Caroline Spelman a metaphor for tumbling Coalition

I wonder if the people of our country know what a seminal week this has been?

The Government have been forced into an embarrassing climbdown (sic) from the sale of forests and woodland.

The Right Honourable Caroline Spelman, Secretary of State for Environment, Food and Rural Affairs, told the House of Commons: “I am sorry. We got this one wrong, but we have listened to people’s concerns.”

Now they might have listened to people’s concerns. But why didn’t they ask first?

Regular readers of this post will be all-too-familiar with my thesis that a better use of the professional marketing and communications skills on the tabs across the Brand Republic Home Page would make for better Government of our country.

I have railed against the haste and confusion of NHS reforms:

Last week I showed how David Cameron would have benefitted from professional market research before rushing out with his multiculturalism speech in Munich:

And now, in ‘the mother of all Parliaments’ of which we are so proud (even though, historically, Iceland beat us to it), we have a Conservative Cabinet Minister – a Cabinet Minister – standing at the despatch box in our House of Commons and apologising for rushing into a policy without ‘listening to the people’.

No quantitative research. No qualitative research. No engagement with community experts or opinion formers. No thought. No strategic thinking. No judgement.

All of us – yes, all of us – should all be ashamed of the state we are in.

What is the reason for all these rushed-through policies and bad government?

Ah well, let’s calm down for a moment.

The answer to this question also emerged this week – and it is much more quietly tucked away than in our disgraced corridors of power than the humble Ms Spelman.

The House of Lords ‘caved in’ on voting reform.

Why has this caused all these rushed-through policies and bad government?

Well, I can tell you.

The Conservatives know that a ‘no’ vote to AV could be the end of the Coalition.

This is because the anti-Coalition (or, more accurately, anti-Tory) Liberal Democrats will feel their one main sticking point has not been achieved. Nick Clegg will find it impossible to hold his party together and this may lead to another General Election.

Labour have been most desperate of all to postpone this referendum, requiring tired old peers to camp down for all-night sittings in Westminster. They know that, under Ed Miliband, they are nowhere near ready for another Election.

If there is a ‘yes’ vote in the referendum, a General Election is even more likely.

Disaffected Liberal Democrat MPs will withdraw from the Coalition and go to the country in the hope that, under the new voting system, they are likely to win significantly more seats.

The Conservatives are unlikely to enjoy an overall majority ever again.

Ditto Labour.

The Liberals will have achieved a massive breakthrough.

Even though the Alternative Vote (AV) is not their preferred system, it will be a step up the ladder to the Single Transferable Vote (STV) for which the Liberal-inspired Electoral Reform Society have been campaigning since 1884.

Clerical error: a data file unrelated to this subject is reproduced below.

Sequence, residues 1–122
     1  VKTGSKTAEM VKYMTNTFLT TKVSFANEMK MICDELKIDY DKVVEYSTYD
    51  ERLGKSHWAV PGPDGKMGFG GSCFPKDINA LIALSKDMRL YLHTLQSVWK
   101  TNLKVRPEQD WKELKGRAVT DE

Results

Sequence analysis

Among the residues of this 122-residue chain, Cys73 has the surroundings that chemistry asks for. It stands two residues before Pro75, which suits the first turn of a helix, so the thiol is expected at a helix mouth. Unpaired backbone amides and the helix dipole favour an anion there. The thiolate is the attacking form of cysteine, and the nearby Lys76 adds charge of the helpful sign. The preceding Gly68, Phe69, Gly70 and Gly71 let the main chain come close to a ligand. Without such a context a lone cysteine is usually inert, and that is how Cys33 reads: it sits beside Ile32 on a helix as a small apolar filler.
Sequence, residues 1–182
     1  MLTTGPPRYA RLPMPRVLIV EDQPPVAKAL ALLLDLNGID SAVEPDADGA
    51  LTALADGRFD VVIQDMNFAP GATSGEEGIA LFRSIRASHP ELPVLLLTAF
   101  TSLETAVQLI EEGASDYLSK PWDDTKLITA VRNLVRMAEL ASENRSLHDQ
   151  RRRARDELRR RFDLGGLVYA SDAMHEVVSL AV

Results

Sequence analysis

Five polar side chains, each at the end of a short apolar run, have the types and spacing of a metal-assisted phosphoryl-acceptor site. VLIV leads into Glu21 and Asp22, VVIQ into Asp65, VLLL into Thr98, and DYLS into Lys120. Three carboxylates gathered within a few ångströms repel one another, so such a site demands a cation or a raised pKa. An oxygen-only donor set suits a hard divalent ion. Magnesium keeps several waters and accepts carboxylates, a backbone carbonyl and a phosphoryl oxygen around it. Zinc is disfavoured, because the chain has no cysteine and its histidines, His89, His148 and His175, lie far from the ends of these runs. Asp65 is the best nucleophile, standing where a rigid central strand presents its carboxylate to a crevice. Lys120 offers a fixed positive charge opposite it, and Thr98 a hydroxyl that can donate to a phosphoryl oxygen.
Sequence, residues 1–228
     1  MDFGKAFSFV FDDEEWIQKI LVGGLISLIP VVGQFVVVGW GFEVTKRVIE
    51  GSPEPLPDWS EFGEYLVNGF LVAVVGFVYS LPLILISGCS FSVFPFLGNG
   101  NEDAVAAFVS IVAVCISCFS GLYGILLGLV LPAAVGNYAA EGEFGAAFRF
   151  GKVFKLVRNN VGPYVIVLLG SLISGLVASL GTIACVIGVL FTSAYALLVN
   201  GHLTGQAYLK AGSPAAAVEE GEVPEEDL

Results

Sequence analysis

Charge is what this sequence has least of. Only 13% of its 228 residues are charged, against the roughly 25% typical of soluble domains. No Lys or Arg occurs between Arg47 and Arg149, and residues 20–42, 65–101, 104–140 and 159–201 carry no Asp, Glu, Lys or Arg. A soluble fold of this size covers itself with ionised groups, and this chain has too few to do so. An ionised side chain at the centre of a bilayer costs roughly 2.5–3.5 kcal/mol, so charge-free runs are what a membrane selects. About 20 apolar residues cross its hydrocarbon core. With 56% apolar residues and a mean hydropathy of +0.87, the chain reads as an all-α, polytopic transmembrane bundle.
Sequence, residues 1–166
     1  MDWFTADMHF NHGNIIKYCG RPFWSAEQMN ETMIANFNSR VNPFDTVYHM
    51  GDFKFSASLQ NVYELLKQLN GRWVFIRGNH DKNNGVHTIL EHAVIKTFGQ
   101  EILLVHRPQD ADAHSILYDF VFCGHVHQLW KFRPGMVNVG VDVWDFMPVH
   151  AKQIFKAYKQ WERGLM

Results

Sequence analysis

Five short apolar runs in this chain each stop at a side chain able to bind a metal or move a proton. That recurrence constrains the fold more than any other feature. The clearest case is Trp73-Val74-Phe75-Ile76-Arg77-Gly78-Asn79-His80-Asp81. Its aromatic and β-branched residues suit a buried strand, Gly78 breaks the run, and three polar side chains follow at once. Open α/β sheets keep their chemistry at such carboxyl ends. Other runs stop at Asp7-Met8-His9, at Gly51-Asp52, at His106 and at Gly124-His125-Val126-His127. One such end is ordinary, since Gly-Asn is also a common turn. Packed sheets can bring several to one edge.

As I know from personal experience, politicians never know what is going to happen in an election – the latest being a case in point where the exit polls were not believed
early in the evening but, by morning, were found to be almost spot on (what did I say about research?).

So now, with this AV referendum looming, our politicians are all engaged this party political game playing, scheming and wheeling and dealing and what do they care about the rest of us?

What about the people who need the NHS – both as patients and employees, hundreds of whom are losing their jobs as I write this post?

What about the Muslims who feel estranged and unwelcome – and who have to listen to ignorant and uncaring claptrap from our allegedly intelligent Prime Minister?

Or people who love their trees and their forests – and anywhere else they can find to escape from all this nonsense?

Well, these politicians don’t care.

None of them will stand up to their party machines. If this were likely, they would not have been selected by Head Office to stand for Parliament in the first place. To do this you have to show ‘commitment to the cause’ i.e. do what you are told. Churchill would have had no chance.

As we all know, most of the people holding senior posts in any of the main three parties are career politicians. They have gone from Oxbridge into the party machine. They haven’t lived in the real world. They haven’t a clue what is going on out there. They are careerists (not carers). And their careers are at stake.

So they are all trying to make a mark, rushing through as much legislation as they can in the hope that something worthwhile ‘sticks’ and their skins will be saved.

And the result is a chronically split society where the politicians who have failed us so badly get on with their yah-boo game playing and their own petty agendas.

There are those of us who get on with our lives and our professional careers in the commercial world, carrying with us the skills, expertise, creativity and energy that the politicians ignore.

And we have the rest – the poor, the sick, the elderly, the needy. People who cannot afford their TV licence fee let alone a computer and who wouldn’t know about ‘social networking’ if it hit them in the face.

What about them?

Who cares?